There Is No Judaism without Zionism

The connection between Jewish nationhood and the Jewish religion goes back to God’s revelation to Abraham in Genesis, writes Rabbi Ammiel Hirsch, and the two cannot be pulled apart now any more than they could be then:

Jewish particularism—the distinctive attachment and commitment to the Jewish people—is not an incidental component of Judaism, or a less-evolved, now irrelevant vestige of ancient days. It is its beating heart. Every biblical verse, every prophetic utterance, every talmudic discussion, every halakhic ruling, every prayer, emerges from, and assumes fealty to, the centrality of Am Yisrael—the people of Israel.

That said, from the beginning, Jewish peoplehood was a blend of both particular and universal impulses: “I have grasped you by the hand . . . and appointed you a covenant people, a light of nations, opening eyes deprived of light” (Isaiah 42:6–7). Thus, God compelled a reluctant Jonah to go to Nineveh and preach the message of repentance and social repair. Our particular purpose was to represent universal moral values: “I have selected Abraham to do what is just and right” (Genesis 18:19). The urgency to do right compels Abraham to challenge God’s intention to destroy the cities of Sodom and Gomorrah.

[But] Judaism absent Jewish peoplehood is not Judaism; it is something else. Whenever Jews abandoned their ideological—or practical—commitment to Am Yisrael, they eventually drifted away.

Unlike every nation of antiquity that lived by our side, we did not disappear when our national sovereignty was dissolved. Miraculously and unprecedentedly, we learned to adapt and survive. But at no time was separation from the Land of Israel considered permanent. At no time did we abandon the dream of return. At no time did we consider dispersion to be a blessing. At no time did the rabbis sever Torah from Israel, or God from the people. At no time was tikkun olam—the universal demand to do what is just and right—ripped from the moorings of klal yisrael—the centrality of Jewish peoplehood. It was never one or the other.

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Read more at Sapir

More about: Hebrew Bible, Judaism, Particularism, Religious Zionism

 

Salman Rushdie and the Western Apologists for Those Who Wish Him Dead

Aug. 17 2022

Ayatollah Ruhollah Khomeini, the founder and supreme leader of the Islamic Republic of Iran, issued a fatwa (religious ruling) in 1989 calling for believers to murder the novelist Salman Rushdie due to the content of his novel, The Satanic Verses. Over the years, two of the book’s translators have been stabbed—one fatally—and numerous others have been injured or killed in attempts to follow the ayatollah’s writ. Last week, an American Shiite Muslim came closer than his many predecessors to killing Rushdie, stabbing him multiple times and leaving him in critical condition. Graeme Wood comments on those intellectuals in the West who have exuded sympathy for the stabbers:

In 1989, the reaction to the fatwa was split three ways: some supported it; some opposed it; and some opposed it, to be sure, but still wanted everyone to know how bad Rushdie and his novel were. This last faction, Team To Be Sure, took the West to task for elevating this troublesome man and his insulting book, whose devilry could have been averted had others been more attuned to the sensibilities of the offended.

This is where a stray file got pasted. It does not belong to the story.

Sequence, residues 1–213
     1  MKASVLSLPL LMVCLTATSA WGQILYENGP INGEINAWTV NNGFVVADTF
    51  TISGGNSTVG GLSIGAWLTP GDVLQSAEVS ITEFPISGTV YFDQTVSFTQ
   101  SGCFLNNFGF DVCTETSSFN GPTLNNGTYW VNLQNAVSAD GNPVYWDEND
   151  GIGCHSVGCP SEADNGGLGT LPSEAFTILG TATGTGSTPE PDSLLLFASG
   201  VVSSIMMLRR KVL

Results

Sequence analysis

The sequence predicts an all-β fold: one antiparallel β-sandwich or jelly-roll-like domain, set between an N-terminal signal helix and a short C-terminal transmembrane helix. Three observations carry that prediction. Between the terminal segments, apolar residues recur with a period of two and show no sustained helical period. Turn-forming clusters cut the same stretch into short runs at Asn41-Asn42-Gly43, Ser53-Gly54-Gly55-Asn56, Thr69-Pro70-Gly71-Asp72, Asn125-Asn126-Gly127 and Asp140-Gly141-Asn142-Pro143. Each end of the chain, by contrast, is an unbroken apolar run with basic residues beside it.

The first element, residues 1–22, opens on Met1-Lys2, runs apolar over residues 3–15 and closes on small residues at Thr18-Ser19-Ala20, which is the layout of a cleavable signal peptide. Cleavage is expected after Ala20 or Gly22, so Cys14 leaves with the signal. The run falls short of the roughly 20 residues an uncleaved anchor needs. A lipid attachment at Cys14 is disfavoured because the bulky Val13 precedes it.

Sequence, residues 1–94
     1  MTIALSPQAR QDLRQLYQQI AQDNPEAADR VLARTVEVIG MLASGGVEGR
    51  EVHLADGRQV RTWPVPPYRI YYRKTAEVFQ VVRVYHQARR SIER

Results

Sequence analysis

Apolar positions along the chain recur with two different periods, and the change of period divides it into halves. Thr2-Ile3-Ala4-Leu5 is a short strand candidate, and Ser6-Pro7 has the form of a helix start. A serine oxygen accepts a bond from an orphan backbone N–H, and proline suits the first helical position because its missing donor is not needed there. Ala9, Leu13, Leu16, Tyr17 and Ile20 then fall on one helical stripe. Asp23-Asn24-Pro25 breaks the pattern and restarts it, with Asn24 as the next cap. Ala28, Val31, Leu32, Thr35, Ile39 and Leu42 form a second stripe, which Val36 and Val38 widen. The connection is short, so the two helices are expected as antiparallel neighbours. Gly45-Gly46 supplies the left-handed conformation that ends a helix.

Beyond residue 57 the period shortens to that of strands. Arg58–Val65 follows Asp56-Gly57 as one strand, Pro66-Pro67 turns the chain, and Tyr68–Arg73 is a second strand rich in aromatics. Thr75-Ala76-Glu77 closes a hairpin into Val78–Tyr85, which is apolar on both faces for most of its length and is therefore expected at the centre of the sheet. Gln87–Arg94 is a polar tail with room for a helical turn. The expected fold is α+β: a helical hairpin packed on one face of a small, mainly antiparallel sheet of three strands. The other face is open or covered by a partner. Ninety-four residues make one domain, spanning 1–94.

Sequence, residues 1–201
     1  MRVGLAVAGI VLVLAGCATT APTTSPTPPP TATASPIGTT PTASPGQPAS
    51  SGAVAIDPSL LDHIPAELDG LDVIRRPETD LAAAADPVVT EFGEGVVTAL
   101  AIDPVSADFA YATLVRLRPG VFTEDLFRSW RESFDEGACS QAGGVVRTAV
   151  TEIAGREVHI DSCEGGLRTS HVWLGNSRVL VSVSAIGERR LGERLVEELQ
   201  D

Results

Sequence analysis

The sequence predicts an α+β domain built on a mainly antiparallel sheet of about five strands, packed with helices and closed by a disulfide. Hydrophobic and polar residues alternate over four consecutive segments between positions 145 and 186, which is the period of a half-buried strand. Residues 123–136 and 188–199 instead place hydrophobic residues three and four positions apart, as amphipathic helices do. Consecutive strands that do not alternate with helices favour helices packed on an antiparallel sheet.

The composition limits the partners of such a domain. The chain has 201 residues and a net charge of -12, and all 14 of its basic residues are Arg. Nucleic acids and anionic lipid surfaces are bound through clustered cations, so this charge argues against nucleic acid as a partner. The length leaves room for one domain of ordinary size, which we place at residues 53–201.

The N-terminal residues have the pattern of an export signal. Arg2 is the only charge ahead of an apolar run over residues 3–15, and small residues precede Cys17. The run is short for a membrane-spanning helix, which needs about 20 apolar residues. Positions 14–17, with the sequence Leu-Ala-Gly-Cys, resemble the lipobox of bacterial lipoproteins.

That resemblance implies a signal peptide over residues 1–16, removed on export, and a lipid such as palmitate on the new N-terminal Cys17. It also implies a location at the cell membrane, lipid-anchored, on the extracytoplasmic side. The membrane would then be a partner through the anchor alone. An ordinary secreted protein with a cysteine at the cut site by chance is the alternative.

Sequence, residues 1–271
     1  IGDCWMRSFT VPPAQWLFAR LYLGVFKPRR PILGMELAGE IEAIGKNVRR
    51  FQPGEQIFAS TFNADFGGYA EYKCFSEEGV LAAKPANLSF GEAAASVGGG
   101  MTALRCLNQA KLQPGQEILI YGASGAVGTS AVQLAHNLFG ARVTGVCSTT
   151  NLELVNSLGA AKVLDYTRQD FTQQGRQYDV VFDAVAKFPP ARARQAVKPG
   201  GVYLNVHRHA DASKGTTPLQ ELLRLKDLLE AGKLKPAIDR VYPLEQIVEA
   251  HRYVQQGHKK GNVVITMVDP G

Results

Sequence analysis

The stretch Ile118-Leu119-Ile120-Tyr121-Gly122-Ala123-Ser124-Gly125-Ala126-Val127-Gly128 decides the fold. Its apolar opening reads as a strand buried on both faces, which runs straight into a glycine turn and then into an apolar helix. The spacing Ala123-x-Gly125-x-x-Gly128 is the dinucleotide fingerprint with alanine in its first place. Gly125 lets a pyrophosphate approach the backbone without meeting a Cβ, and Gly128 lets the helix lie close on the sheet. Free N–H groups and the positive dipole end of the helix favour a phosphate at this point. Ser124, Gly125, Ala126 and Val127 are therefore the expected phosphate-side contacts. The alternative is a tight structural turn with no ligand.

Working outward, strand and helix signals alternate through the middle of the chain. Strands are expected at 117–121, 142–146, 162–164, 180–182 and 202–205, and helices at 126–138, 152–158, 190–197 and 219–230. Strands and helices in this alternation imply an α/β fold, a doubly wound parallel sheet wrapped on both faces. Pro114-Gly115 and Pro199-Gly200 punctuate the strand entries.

The fumes are still rising off of this last group. The former president Jimmy Carter was, at the time of the original fatwa, the most prominent American to suggest that the crime of murder should be balanced against Rushdie’s crime of blasphemy. The ayatollah’s death sentence “caused writers and public officials in Western nations to become almost exclusively preoccupied with the author’s rights,” Carter wrote in an op-ed for the New York Times. Well, yes. Carter did not only say that many Muslims were offended and wished violence on Rushdie; that was simply a matter of fact, reported frequently in the news pages. He took to the op-ed page to add his view that these fanatics had a point. “While Rushdie’s First Amendment freedoms are important,” he wrote, “we have tended to promote him and his book with little acknowledgment that it is a direct insult to those millions of Moslems whose sacred beliefs have been violated.” Never mind that millions of Muslims take no offense at all, and are insulted by the implication that they should.

Over the past two decades, our culture has been Carterized. We have conceded moral authority to howling mobs, and the louder the howls, the more we have agreed that the howls were worth heeding. The novelist Hanif Kureishi has said that “nobody would have the [courage]” to write The Satanic Verses today. More precisely, nobody would publish it, because sensitivity readers would notice the theological delicacy of the book’s title and plot. The ayatollahs have trained them well, and social-media disasters of recent years have reinforced the lesson: don’t publish books that get you criticized, either by semiliterate fanatics on the other side of the world or by semiliterate fanatics on this one.

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Read more at Atlantic

More about: Ayatollah Khomeini, Freedom of Speech, Iran, Islamism, Jimmy Carter